Constrictive pericarditis laboratory findings

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Editor-In-Chief: C. Michael Gibson, M.S., M.D. [1]; Associate Editor(s)-in-Chief: Huda A. Karman, M.D.

Overview

Constrictive pericarditis lab findings can show evidence of congestive heart failure, or associated protein losing enteropathy, nephrotic syndrome, and LFT abnormalities consistent with hepatic congestion and chylous ascites

Laboratory findings

  • Complete blood count (CBC)
  • Leukocytosis
  • Leukopenia
    • Malignancy and chemotherapeutic agents use
  • Hyponatremia or pseudohyponatremia
  • Contraction alkalosis (hypochloremia with hypercarbia)
  • Elevation of blood urea nitrogen (BUN) levels f
  • Serum creatinine levels are observed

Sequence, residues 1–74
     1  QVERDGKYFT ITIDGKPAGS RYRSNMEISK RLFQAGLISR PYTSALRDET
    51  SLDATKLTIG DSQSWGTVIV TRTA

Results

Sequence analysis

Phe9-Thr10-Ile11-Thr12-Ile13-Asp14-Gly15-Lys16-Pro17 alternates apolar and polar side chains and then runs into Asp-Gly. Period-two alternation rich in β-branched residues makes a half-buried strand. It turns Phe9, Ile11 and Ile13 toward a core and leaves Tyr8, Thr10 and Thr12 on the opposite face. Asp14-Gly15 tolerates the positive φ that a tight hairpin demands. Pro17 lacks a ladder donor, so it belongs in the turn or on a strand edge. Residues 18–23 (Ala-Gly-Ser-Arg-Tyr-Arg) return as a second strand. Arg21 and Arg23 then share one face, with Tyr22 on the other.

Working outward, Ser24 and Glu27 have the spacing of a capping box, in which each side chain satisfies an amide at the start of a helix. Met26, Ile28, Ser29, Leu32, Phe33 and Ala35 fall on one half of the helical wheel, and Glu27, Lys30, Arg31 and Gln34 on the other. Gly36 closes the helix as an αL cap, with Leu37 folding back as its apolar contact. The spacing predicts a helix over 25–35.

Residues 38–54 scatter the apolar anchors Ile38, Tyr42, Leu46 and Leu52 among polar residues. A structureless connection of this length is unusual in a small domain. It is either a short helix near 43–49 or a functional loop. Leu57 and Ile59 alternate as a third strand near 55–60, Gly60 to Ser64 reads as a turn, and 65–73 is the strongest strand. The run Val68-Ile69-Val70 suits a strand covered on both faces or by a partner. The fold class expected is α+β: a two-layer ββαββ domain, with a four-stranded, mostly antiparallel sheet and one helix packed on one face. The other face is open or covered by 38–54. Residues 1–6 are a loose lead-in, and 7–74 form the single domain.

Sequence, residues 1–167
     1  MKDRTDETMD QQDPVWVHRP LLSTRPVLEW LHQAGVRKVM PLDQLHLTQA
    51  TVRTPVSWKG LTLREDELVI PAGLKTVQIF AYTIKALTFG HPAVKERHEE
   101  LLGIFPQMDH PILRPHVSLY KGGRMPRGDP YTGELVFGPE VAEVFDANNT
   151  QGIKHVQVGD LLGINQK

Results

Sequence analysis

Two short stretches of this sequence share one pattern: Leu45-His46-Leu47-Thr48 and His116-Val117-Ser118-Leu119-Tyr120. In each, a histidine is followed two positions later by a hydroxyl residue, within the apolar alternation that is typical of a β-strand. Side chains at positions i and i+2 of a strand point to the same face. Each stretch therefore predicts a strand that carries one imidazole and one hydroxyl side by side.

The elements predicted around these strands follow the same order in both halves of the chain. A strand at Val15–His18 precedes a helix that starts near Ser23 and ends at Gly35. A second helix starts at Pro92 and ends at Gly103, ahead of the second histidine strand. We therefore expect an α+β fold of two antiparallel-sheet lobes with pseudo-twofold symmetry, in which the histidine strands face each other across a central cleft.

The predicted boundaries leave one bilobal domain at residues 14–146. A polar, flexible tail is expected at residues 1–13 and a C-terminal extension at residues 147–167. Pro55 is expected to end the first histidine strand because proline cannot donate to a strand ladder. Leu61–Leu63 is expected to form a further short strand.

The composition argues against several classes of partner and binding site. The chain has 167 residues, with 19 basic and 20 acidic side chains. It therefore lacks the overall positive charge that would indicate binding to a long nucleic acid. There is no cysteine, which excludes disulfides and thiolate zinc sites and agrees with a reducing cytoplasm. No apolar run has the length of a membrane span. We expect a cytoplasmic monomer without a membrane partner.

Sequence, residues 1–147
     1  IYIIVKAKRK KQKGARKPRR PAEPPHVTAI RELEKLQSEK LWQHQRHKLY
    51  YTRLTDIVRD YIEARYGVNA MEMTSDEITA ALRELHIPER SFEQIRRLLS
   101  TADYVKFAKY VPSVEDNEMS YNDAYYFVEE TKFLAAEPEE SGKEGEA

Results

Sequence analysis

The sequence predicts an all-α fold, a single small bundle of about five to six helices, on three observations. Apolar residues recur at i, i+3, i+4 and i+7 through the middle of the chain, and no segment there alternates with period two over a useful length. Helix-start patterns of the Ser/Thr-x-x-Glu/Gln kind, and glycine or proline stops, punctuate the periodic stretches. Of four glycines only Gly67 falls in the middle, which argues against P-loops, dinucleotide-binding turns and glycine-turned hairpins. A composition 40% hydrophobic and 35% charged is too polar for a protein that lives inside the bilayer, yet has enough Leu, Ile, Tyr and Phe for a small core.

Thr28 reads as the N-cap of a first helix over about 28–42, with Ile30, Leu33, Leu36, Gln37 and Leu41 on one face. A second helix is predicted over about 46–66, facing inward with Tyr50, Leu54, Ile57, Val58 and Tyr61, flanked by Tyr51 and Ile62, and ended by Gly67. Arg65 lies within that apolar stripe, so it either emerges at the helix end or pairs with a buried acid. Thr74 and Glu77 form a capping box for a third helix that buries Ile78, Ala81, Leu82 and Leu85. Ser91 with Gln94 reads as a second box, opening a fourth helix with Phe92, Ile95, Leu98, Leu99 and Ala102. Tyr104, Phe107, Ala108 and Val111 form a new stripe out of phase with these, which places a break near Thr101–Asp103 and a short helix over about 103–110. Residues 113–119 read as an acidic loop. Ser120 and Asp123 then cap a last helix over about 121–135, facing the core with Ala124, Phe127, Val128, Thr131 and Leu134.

• Arterial blood gas measurement
  • Metabolic acidosis (ie, low pH and low bicarbonate),
  • Compensatory respiratory alkalosis (ie, decreased partial pressure of carbon dioxide
  • Elevated transaminase levels
  • Hypoalbuminemia (a protein-losing enteropathy (PLE)
  • Proteinuria (nephrotic range)
  • Elevated sedimentation rate (ESR), C-reactive protein (CRP) level (postpericardiotomy syndrome)
  • Brain natriuretic peptide (BNP), mildly increased (<150 ng/L)[1]
  • Antinuclear antibody (ANA) or rheumatoid factor (RF) (associated collagen vascular disorder)
  • Purified protein derivative (PPD) skin test (TB)

References

  1. Leya FS, Arab D, Joyal D, Shioura KM, Lewis BE, Steen LH; et al. (2005). "The efficacy of brain natriuretic peptide levels in differentiating constrictive pericarditis from restrictive cardiomyopathy". J Am Coll Cardiol. 45 (11): 1900–2. doi:10.1016/j.jacc.2005.03.050. PMID 15936624.

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